Kobe is nearing the end of his career, but he’s going to leave it on his terms. Or at least he’s going to try. He will be back on the court this season leading what fans and management hope are the next generation of Lakers’ stars — D’Angelo Russell, Jordan Clarkson, Julius Randle — by showing them tough love and how to play the game with a high IQ. He will show them how to put in the work. He will show them what it means to be a Laker.

And he will still make some plays that just drop your jaw. Because that’s part of what Kobe does.

Timberwolves still trying to shop Anthony Bennett, still finding no takers

Milwaukee Bucks v Minnesota Timberwolves
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Back right before the draft, we told you the Minnesota Timberwolves were shopping Anthony Bennett.

It’s heading toward the end of August and Bennett is still with the Timberwolves.

They would still like to move him, but there are no takers, reports Jon Krawczynski of the Associated Press:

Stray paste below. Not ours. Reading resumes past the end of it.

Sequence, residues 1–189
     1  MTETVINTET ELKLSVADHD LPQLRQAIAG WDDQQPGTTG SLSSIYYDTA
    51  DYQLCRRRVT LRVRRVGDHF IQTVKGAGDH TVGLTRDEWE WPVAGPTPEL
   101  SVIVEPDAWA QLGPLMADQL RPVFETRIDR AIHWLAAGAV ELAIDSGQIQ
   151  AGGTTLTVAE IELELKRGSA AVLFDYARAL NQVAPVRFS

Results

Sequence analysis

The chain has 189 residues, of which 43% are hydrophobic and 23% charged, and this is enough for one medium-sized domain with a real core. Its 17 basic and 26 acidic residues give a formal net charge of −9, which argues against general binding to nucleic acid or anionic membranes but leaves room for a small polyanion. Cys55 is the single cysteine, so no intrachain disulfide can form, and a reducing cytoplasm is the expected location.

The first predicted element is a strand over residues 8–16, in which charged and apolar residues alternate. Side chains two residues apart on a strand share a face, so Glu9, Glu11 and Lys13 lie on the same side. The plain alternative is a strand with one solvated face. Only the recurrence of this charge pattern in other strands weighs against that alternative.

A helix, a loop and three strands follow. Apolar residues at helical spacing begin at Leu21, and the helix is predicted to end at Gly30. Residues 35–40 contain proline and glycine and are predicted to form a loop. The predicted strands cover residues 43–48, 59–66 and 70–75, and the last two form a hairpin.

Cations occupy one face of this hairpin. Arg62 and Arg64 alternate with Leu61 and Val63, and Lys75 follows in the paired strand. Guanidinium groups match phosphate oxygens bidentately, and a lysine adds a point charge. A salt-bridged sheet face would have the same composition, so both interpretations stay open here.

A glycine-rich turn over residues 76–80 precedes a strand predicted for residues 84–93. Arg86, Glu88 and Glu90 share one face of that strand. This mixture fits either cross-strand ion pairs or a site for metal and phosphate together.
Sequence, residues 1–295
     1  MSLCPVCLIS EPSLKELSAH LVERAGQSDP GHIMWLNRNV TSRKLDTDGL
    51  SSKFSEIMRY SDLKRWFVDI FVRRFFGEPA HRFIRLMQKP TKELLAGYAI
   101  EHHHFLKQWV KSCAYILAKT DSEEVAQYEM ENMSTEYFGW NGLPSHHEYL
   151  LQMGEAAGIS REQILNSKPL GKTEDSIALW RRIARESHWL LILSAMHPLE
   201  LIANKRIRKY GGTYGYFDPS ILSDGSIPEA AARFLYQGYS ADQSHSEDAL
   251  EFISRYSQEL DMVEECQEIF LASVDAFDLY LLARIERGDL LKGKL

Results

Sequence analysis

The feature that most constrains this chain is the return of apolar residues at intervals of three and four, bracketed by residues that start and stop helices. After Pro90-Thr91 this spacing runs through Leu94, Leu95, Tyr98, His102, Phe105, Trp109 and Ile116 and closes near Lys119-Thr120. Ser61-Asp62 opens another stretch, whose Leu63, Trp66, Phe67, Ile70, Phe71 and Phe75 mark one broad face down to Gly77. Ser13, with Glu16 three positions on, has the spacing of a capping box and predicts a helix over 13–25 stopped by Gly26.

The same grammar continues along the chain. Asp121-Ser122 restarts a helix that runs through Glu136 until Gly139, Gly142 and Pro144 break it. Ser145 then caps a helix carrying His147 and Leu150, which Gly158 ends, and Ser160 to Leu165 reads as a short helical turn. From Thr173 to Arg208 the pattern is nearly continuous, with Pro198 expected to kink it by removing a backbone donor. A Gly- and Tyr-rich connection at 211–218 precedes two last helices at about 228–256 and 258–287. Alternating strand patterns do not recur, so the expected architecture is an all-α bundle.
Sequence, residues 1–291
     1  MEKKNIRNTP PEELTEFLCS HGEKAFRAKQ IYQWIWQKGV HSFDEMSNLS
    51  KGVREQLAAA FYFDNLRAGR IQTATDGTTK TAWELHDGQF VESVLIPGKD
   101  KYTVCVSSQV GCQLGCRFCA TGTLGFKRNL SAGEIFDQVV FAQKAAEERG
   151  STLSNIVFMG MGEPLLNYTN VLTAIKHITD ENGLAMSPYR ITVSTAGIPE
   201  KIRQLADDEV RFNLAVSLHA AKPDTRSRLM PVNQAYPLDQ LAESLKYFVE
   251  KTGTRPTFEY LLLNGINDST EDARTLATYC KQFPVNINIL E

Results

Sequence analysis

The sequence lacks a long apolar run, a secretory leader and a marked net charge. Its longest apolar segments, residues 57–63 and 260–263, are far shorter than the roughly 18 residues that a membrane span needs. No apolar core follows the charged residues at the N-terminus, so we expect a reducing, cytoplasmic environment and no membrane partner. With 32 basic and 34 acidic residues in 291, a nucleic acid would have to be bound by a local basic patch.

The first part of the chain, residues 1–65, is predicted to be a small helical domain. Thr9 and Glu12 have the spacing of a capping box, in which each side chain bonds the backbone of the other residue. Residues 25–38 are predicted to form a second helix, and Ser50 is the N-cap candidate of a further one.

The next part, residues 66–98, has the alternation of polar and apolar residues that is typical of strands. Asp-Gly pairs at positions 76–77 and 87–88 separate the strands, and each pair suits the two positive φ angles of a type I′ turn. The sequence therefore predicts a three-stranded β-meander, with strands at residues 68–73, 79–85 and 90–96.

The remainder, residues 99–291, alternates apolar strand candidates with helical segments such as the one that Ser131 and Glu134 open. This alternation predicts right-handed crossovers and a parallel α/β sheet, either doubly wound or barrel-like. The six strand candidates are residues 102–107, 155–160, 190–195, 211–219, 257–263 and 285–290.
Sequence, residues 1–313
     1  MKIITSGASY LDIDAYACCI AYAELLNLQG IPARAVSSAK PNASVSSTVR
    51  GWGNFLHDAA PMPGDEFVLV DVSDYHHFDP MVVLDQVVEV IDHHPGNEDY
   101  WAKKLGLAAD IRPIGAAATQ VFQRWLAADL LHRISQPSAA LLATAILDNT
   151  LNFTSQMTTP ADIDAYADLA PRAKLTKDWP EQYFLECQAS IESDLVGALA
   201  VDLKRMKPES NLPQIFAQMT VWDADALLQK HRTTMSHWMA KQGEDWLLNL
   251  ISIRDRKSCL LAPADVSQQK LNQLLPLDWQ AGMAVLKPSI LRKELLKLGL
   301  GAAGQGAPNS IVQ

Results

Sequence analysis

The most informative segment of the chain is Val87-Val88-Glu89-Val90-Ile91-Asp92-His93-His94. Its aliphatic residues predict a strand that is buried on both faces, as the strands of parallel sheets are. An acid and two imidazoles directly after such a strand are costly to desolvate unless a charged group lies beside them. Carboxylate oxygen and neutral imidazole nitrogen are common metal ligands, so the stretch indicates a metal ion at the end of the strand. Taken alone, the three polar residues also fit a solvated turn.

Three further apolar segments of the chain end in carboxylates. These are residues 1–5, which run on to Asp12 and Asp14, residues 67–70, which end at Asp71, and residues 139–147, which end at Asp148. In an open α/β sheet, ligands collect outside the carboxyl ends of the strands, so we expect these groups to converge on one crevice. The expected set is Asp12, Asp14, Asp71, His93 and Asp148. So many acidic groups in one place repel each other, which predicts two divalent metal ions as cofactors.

This should not be a surprise. The former No. 1 pick of the Cleveland Cavaliers has not developed like a top pick is expected to — last season he got in 57 games for the Timberwolves, scored 5.2 points a game when he did, he had a well below average 45.8 percent true shooting percentage and a PER of 11.4. If he were the 14th pick in the draft, we’d be thinking maybe he can evolve into a solid bench player in a couple of years in the right development system.

The problem is he is getting paid like a No 1 pick — $5.8 million this season, with a team option for $7.3 million for 2016-17 that must be exercised by the end of this October. No team would pick up that option. So essentially a team has to want to trade for him as a rental at the price of the mid-level exception, even though he at best can give them limited minutes off the bench.